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Leaving a bad taste

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Hellenic Centre Energy Arkoumanis 20 Sept 2013 069Overreliance on a small number of suppliers can leave restaurant chains exposed to contamination. (source: Lloyds of London)

It is not just organisations in the manufacturing sector that are scrutinising vulnerabilities in their supply chains.

In the food services industry, restaurant chains and franchisees increasingly source their ingredients from a small universe of suppliers. This offers economies of scale but also means their exposure to food borne illnesses and food contamination can be magnified.

Take a well-known Mexican fast food outlet in the US. In 2006, lettuce – an ingredient used in 70% of the fast food outlet’s products – was linked to an E. coli outbreak that left 71 people seriously ill in the US Northeast.

A single supplier was responsible for distributing the lettuce to restaurants in New Jersey, New York, Pennsylvania and Delaware. At certain points during the outbreak up to 90 restaurants were closed.

In another example from the US, one of the worst E. coli outbreaks occurred in 1993 when four children died and 600 others fell ill after eating undercooked burgers at a fast food chain It cost the company millions in lawsuits and sales and revenues as customers shunned the brand.

“You used to have someone in the kitchen chopping up the lettuce and vegetables and someone else handling the meat, ” says David Burke, senior class underwriter, product contamination at Catlin. “That doesn’t happen anymore. The business model for franchise restaurants has changed and everything comes pre-packaged and premade and the people in the kitchen put the product together.”

“While that results in a lot of efficiency in the food service industry it does mean if that bag of lettuce has got e-coli in it, it’s potentially going to hundreds of outlets. In the past, the contamination would be quite localised, and now it can spread dramatically through a brand’s network of restaurants.”

Supply chain vulnerabilities

While the US has the largest fast food sector in the world, franchised restaurants have become a permanent feature in other markets too. Over the past five years global fast food restaurants (worth a massive $526bn in revenue) have expanded at a rate of 2.5% annually, in spite of a struggling global economy.

“If you walk down a UK high street now you’ll see far more global brands – franchised restaurants – whereas 20 years ago it would have been local restaurants, ” says Ian Harrison, a product recall expert at Lockton. “So you get this franchised system of quality control which means you should have global homogenous food, but if the system goes wrong you could get quite significant economic exposures.”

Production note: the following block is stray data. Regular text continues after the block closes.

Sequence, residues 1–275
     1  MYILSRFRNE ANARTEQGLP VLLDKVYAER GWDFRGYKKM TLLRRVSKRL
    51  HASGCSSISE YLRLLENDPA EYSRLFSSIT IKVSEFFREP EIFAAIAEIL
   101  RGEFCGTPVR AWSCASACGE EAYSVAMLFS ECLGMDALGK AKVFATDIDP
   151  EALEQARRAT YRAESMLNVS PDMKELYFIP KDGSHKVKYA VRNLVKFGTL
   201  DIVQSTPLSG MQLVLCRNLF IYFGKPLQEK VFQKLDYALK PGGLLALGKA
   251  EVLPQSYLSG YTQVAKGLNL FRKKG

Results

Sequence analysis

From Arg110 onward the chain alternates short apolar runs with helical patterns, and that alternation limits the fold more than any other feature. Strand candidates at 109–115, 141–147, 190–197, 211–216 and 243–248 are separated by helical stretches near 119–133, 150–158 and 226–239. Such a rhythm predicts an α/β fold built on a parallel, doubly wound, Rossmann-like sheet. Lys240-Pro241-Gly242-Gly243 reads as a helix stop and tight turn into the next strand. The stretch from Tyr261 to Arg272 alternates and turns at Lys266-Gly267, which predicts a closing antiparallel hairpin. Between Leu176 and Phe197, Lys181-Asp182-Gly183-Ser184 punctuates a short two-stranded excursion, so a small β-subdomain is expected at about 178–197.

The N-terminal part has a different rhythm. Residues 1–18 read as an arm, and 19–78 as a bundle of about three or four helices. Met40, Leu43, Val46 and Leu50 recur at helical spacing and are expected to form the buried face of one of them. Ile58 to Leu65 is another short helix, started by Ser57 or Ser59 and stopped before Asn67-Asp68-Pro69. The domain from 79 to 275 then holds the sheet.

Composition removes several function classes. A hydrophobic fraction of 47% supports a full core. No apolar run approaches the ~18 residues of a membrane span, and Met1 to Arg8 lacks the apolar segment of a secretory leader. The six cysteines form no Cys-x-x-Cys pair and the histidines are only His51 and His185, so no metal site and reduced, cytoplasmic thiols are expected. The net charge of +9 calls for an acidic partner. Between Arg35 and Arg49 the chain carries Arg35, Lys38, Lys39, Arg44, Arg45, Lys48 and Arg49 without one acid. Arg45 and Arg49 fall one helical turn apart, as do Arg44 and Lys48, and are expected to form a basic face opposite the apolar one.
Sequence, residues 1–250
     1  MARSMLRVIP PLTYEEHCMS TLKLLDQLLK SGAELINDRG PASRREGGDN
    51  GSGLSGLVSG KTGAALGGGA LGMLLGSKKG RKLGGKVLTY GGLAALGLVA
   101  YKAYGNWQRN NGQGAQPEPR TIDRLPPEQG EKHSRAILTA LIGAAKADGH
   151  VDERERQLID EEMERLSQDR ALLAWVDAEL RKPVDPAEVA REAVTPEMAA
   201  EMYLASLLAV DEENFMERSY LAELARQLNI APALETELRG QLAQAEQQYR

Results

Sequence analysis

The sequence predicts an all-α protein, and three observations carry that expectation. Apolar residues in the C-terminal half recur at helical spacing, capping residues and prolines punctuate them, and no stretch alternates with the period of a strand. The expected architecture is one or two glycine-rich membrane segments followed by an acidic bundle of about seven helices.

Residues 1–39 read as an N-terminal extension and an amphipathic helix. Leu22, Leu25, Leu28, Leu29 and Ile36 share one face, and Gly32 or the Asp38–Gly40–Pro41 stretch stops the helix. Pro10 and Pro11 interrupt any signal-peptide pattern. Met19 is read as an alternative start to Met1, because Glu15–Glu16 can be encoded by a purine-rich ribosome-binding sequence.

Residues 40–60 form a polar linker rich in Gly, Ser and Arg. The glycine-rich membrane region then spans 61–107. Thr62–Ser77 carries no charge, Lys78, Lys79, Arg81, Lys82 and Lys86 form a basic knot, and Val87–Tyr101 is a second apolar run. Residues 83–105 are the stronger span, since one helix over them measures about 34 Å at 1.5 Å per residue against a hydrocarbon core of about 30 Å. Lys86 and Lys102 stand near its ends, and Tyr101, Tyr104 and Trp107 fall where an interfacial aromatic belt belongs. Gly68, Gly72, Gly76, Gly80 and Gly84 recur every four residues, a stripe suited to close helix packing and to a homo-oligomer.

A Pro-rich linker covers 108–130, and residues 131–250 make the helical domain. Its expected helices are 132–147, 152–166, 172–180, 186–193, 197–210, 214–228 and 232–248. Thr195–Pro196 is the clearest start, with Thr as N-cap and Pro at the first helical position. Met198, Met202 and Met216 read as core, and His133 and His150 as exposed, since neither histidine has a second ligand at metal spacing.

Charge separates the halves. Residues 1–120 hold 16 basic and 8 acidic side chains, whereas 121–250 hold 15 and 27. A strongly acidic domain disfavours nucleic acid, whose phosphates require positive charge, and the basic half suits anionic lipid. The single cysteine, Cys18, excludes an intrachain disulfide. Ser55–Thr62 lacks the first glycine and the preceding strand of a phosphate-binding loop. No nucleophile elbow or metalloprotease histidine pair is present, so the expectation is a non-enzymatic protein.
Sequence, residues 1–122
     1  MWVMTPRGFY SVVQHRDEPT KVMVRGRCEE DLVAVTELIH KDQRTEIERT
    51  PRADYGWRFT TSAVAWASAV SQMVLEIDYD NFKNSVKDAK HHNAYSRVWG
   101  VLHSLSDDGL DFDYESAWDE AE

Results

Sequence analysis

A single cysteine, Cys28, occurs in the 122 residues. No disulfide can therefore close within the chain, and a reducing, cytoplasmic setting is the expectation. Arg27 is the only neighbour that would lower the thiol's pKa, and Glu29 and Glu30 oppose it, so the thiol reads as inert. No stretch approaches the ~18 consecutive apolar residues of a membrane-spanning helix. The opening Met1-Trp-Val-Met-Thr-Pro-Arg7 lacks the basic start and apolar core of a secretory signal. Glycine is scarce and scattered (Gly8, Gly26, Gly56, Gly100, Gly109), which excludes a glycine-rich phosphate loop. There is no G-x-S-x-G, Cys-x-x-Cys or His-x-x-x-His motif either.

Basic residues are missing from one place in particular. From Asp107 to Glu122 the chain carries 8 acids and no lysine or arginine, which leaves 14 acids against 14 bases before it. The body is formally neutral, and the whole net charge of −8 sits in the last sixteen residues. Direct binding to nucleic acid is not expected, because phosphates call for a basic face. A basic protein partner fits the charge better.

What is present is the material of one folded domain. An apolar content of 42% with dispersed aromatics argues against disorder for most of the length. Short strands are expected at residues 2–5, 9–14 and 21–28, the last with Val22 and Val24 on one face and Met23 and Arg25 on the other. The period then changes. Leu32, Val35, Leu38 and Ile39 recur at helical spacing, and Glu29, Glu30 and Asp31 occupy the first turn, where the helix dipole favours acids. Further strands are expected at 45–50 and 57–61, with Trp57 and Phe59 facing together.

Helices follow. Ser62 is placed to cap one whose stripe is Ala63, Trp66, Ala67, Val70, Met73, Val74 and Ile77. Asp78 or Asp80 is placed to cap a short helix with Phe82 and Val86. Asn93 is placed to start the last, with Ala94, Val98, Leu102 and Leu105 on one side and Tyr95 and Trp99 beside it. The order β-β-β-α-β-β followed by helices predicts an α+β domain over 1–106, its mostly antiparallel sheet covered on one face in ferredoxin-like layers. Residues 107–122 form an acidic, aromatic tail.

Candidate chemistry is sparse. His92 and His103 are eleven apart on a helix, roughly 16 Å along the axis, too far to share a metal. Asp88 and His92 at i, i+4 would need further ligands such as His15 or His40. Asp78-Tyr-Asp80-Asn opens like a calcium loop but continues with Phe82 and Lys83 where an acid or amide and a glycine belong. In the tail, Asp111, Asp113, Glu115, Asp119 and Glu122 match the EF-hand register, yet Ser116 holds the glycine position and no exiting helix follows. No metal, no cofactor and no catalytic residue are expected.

“Also you’ve got the fact that franchise systems tend to encourage people to buy from the same suppliers, ” he continues. “I know of a well-known fast food chain that buys all its burger buns from two suppliers in the whole of the UK. So if there was a problem with either of those suppliers there would be a massive knock-on impact.”

Food safety (63%) and quality (54%) are the areas of supply chain management that companies in the food services industry are most concerned about. This is according to a survey published by DNV Business Assurance and GFK Eurisko in May 2013.

It also found that organisations that have adopted chain-wide risk mitigation actions had benefited materially from them in terms of product quality enhancement, competitive advantages and brand reputation.

While risk management is vitally important, cases of food contamination remain frequent. Europe’s Rapid Alert System for Food and Feed received 8, 797 notifications in 2012 alone, with a total of 526 reporting on serious risks found in products on the market.

Many restaurant owners purchase restaurant contamination insurance to provide business interruption insurance in the event of a food-borne illness or malicious tampering.

“If a restaurant was flooded and had to close for two weeks its property policy would pay for the business interruption, ” explains Burke. “If the same restaurant is shut for two weeks because of a norovirus outbreak you have the same business interruption but it wouldn’t be covered under a conventional property policy. This is where restaurant contamination insurance steps in.”

“An important part of our product is our consultancy services we offer with the insurance product, ” he continues. “In the event of a claim our consultant can give advice on crisis public relations, how to deal with food regulatory authorities and how to engage with the public. And our clients also use these services to look at their risk exposure on a proactive basis.”

“Historically it’s been a luxury purchase but when you see big contaminations in the US it does open people’s eyes that this is a major risk exposure for their brand, ” he adds.

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